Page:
The H5N1 virus responsible for the current virulent strain of bird flu has evolved into two genetically distinct strains, US scientists have confirmed.
Millions of birds have been culled to stymie bird flu
They fear this could increase the risk to humans - and complicate the search for an effective vaccine.
The US team analysed more than 300 H5N1 samples taken from infected birds and people between 2003 and summer 2005.
Details were presented to the International Conference on Emerging Infectious Diseases in Atlanta.
Prior to 2005 every known human case of bird flu had been caused by a particular subtype of the H5N1 virus, which infected people in Vietnam, Cambodia and Thailand.
But the latest analysis by the US Centers for Disease Control and Prevention identified a genetically distinct variant which appears to have emerged last year, infecting people in Indonesia.
Researcher Dr Rebecca Garten said: "As the virus continues its geographic expansion, it is also undergoing genetic diversity expansion
"Back in 2003 we only had one genetically distinct population of H5N1 with the potential to cause a human pandemic. Now we have two."
The H5N1 strain of bird flu has spread across Europe, Africa and parts of Asia and killed nearly 100 people worldwide and infected about 180 since it re-emerged in 2003.
Scientists fear it could evolve to gain the ability to jump easily from human to human, at which point it could trigger a pandemic, resulting in millions of deaths world-wide.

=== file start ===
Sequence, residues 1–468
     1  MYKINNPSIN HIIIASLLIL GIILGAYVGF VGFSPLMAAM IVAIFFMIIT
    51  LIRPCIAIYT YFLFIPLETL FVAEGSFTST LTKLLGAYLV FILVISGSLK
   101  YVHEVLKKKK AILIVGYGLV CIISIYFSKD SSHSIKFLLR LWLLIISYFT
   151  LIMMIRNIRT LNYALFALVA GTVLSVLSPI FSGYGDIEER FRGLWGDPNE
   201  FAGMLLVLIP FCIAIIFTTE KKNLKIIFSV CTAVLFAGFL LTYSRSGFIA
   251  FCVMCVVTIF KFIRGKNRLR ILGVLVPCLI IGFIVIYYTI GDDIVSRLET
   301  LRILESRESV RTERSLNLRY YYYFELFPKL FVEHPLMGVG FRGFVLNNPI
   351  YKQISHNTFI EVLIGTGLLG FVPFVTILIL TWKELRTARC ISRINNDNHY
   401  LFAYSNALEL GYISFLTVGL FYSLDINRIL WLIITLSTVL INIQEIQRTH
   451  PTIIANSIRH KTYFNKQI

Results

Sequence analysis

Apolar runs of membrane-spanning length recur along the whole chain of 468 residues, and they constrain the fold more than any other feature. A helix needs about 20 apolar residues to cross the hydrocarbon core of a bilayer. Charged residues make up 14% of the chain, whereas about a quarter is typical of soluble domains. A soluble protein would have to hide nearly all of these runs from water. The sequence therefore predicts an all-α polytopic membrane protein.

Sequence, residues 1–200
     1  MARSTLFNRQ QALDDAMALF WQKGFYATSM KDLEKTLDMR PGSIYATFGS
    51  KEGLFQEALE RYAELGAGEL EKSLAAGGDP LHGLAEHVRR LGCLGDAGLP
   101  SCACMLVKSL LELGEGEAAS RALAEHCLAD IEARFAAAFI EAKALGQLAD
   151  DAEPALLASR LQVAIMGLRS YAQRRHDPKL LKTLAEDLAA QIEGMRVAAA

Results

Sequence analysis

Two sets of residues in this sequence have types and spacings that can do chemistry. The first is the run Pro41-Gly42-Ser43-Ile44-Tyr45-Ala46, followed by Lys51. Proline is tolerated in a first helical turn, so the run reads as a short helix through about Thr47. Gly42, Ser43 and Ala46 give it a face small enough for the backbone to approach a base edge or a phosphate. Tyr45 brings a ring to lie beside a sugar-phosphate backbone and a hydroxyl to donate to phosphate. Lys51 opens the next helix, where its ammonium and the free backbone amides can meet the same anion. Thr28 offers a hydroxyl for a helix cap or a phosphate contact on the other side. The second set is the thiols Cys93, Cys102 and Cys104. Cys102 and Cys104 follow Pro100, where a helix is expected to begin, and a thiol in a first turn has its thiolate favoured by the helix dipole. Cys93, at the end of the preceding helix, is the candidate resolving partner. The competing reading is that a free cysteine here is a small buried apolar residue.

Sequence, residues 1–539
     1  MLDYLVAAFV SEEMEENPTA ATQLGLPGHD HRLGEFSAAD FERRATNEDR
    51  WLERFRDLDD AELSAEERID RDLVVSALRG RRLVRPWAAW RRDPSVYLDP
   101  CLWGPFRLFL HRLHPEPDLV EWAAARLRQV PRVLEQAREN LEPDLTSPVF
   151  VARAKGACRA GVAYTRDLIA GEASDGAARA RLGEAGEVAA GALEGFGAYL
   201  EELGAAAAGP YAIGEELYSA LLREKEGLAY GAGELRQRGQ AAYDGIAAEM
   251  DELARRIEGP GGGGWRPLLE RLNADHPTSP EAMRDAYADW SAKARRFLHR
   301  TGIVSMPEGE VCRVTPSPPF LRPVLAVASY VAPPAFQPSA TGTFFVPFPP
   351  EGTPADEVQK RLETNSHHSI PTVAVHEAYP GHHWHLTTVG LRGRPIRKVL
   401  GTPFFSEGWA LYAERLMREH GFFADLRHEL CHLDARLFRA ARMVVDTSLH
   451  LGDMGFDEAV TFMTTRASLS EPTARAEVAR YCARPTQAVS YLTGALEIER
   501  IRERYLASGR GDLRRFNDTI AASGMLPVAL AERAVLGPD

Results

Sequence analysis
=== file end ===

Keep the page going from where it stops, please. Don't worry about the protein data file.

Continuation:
All influenza viruses mutate easily, and H5N1 appears to be no exception.
Dr Nancy Cox, chief of the CDC's influenza branch, stressed that neither of the two genetic subtypes of H5N1 had the ability to pass easily from human to human.
US authorities are now working on vaccines to combat both subtypes. However, the development of a definitive vaccine can only take place once the exact form of a pandemic virus is known.
Despite this researchers are confident that a vaccine that could protect against one subtype of H5N1 would also offer at least partial protection against the other.
Professor Hugh Pennington, a microbiologist at Aberdeen University, said flu viruses were expert at evolving rapidly to exploit new opportunities.
He said it was possible that either of the two subtypes could gain the ability to jump from person to person.
Science may have under-estimated the ability of H5N1 to spread across large areas of the world in the way that it has already done, he said.
"But no need to panic. The virus is still a bird virus, it is not yet a human virus, and it may never be a human virus.
"As long as we manage to keep it reasonably under control in the birds I think we can breathe relatively easily for at least a year or two."